So in Hillfolk / “Dramasystem” here’s my take on the ideal flow of the game:
Scenes are resolved naturally, and tokens flow post-hoc to reflect that.
The 2-spend “force” is jarring and we don’t want that.
The “force”, though, is necessary to correct when the economy is lopsided. If one player has been consistently shot down.
The drama is lopsided & the token economy is lopsided to match that.
What’s dumb about Hillfolk as written, though, is that though even though the force corrects the lopsided drama, it makes the token economy even more lopsided, and counters are even worse. The lopsided economy spirals out of control making it more and more lopsided, causing more and more forces, until the session ends and the econ resets.
Instead, have the two-spend and three-spend go to the bank instead of to that player.
I.e. new econ as follows:
When you give in (naturally or by being forced or countered) you gain one.
When the scene ends naturally and you don’t give in, you lose one (if you have any).
If you want to force instead of ending the scene naturally you can spend two (to the bank) and when you want to counter you can spend three (to the bank).
This should choke out the econ but that’s by intent; leaving the econ as a minimal safety valve on the natural flow of scenes.
Currently, in our group, we’re not really all on the same page on whether or not the “forces” are worth it since they are so jarring. So our current rule is that we are experimenting with not using them, since we have lots of procedural scenes anyway, giving in gives you a reward that’s usable in the procedural layer, and that in and of itself is hopefully incentive to give in. I still want to cook up some meaningful alternative to the “force” rule for more pure drama based games because the whole “meaningful concession but not exactly what they asked for” thing is so weird. All soap opera games: Smallville, Burning Wheel, TSoY, Monsterhearts etc all have this problem: you can get “forced” to have your character do something that you don’t want them to do. [Not talking about vampire hypnosis or w/e, that’s fine, I’m talking about coming around emotionally.] Dogs though works because you can escalate. Either when you give in on the “talking” arena, you’re fine with giving in, or you escalate into an arena where you are fine with giving in.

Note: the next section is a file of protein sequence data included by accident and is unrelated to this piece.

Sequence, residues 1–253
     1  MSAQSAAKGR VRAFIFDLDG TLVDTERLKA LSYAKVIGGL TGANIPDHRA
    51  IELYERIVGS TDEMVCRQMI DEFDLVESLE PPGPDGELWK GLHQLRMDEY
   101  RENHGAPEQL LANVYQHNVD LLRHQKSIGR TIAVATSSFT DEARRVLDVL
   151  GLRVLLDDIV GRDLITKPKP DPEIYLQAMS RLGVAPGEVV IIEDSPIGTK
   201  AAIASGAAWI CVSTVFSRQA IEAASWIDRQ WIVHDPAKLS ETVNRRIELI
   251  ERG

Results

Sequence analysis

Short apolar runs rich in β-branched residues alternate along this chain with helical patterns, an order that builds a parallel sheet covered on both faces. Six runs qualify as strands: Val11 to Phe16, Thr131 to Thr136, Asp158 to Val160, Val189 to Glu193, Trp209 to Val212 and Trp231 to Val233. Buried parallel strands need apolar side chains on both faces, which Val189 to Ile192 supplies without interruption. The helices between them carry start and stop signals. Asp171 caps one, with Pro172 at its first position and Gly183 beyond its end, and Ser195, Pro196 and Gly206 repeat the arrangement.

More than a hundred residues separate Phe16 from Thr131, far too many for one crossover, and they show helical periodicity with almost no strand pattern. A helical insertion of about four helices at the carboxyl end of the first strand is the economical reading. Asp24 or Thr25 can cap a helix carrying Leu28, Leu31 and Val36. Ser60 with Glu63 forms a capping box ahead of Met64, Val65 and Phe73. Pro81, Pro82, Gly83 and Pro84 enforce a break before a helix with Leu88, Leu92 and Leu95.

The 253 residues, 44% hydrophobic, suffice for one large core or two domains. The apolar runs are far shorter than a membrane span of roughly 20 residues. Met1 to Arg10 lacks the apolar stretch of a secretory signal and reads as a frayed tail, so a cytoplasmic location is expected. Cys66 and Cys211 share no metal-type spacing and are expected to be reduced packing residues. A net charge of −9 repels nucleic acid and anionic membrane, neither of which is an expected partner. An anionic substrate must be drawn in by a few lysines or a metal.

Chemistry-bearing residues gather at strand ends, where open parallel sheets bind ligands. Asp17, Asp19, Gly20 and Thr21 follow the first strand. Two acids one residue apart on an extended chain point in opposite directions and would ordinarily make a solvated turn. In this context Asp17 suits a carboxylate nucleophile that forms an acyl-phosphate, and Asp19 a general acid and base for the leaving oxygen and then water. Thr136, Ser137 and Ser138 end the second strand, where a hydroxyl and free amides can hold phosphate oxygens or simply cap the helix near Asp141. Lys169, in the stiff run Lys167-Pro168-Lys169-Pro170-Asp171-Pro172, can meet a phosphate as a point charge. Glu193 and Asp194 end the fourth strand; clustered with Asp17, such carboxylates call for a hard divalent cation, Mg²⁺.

Also our hillfolkery [within our D&D game] has slowed a trickle this last half-a-year since I stopped “babysitting” the reward of drama tokens. I wanted it to be more player-initiated since it started getting more and more fuzzy about what was a petition and what was just aimless needling or bullying. I wanted more clarity, them grabbing a token and going “So tell me about this plan of yours…”
One idea is this… instead of “forcing”…
when the scene starts, you place a token from the bank between the two of you.
You can take the tokens and give in. If you want to sweeten the deal, you can add more of your own tokens to the pot. Wordlessly. That can only work if we also find a usage for having a bunch of tokens.
(Translating them to a procedural resource such as XP or HP is useless in a pure drama game.)